In a blog post on Medium, co-founders Logan Green and John Zimmer say they expect to offset more than 1 million metric tons of carbon, "equivalent to planting tens of millions of trees or taking hundreds of thousands of cars off the road." Lyft plans to make its rides carbon-neutral by directly funding efforts to reduce emissions from tailpipes and automotive manufacturing itself, renewable energy programs, forestry projects and initiatives that capture emissions from landfills.
The transportation sector, which includes car and trucks but also commercial aircraft and railroads, accounts for 27 percent of all U.S. greenhouse gas emissions, according to the EPA. The co-founders write that they "feel immense responsibility for the profound impact that Lyft will have on our planet."
"In the future, all vehicles will operate with clean energy," they write. "But climate change is not waiting. It's happening now, and it presents a clear and immediate threat to our world and those who live in it. Action cannot wait."
The program will be independently verified by green-energy outfit 3Degrees, which will also ensure that the program supports new initiatives that would not have happened without Lyft's investment. Most of the projects will be located near Lyft's largest markets, the co-founders said, and all will be based in the U.S.
"This isn't just about buying (carbon) credits to feel good about yourself, it's about investing in projects that otherwise wouldn't happen, whether it's a wind farm in Oklahoma or reducing emissions from an auto parts plant in Michigan," Zimmer, who is also Lyft's president, told USA Today.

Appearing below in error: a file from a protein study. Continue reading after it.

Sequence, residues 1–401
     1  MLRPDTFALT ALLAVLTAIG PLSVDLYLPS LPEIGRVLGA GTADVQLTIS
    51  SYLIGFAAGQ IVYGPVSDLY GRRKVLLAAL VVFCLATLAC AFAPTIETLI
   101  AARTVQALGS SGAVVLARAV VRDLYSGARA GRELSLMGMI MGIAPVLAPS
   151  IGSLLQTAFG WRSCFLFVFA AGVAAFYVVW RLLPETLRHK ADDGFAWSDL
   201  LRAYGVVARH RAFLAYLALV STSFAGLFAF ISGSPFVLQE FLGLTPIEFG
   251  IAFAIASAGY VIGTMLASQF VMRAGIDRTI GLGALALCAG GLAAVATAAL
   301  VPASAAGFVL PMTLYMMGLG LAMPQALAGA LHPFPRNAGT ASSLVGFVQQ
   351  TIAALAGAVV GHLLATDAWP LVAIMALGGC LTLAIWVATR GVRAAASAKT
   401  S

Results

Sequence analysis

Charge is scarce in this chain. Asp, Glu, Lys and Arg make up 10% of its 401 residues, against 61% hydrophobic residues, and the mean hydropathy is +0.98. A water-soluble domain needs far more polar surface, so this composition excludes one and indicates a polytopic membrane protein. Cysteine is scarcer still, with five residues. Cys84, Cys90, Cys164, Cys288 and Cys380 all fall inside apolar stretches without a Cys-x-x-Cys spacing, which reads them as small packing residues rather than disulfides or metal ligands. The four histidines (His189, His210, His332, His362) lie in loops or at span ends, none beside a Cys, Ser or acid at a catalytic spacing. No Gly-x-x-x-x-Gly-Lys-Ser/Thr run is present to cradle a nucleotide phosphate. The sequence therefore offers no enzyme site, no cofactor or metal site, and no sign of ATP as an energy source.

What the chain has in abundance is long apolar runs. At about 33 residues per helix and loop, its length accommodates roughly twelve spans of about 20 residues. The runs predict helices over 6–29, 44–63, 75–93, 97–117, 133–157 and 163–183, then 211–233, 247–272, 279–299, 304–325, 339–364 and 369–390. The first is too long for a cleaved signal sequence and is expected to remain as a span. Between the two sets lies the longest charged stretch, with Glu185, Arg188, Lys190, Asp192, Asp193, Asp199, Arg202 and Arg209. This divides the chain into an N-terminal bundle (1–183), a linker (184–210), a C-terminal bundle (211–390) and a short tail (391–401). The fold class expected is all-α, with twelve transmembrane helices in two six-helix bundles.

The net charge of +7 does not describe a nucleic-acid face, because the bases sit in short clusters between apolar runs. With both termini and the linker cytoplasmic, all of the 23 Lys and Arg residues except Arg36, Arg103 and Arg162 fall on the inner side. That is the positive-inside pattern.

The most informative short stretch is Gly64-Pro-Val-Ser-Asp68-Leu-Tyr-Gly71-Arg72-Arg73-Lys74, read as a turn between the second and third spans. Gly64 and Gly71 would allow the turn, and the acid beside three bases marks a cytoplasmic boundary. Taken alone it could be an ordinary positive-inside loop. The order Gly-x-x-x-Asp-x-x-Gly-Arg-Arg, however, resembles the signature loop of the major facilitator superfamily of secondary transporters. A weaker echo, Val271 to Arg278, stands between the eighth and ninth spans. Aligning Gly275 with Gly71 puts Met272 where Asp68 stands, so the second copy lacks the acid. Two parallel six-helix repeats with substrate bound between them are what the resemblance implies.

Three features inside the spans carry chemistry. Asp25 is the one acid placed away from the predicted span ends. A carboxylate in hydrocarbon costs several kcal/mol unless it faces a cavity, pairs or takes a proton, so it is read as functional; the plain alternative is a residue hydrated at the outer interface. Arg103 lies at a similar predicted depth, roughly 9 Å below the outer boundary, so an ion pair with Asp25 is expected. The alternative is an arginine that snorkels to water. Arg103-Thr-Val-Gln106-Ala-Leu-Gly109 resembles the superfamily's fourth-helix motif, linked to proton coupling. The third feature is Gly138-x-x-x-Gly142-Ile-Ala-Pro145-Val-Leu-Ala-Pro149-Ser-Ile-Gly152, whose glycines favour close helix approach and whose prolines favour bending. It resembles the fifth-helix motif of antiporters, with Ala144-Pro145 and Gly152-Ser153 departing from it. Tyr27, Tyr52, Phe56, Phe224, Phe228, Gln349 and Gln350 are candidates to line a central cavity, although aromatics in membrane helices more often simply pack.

Lyft has a history of supporting efforts to mitigate climate change (plus an idea to introduce "smart lanes" to reduce traffic congestion). Last year it announced it was joining We Are Still In, the Michael Bloomberg-led coalition to buck President Trump's move to withdraw the U.S. from the Paris Climate Accord. It also has appointed an outspoken environmentalist and author to be its advisor on climate-change strategies, and it established a series of climate-impact goals, including powering all of its autonomous electric vehicles with 100 percent renewable energy.
Lyft still trails far behind rival Uber in size and the number of rides given (about 500 million annually compared to Uber's 5 billion, at most recent count). But given Uber's nightmarish string of bad publicity recently, ranging from the downfall of former CEO Travis Kalanick to the death of a pedestrian after being struck by a self-driving Uber car last month, Lyft figures to have a lot to gain from its new initiative.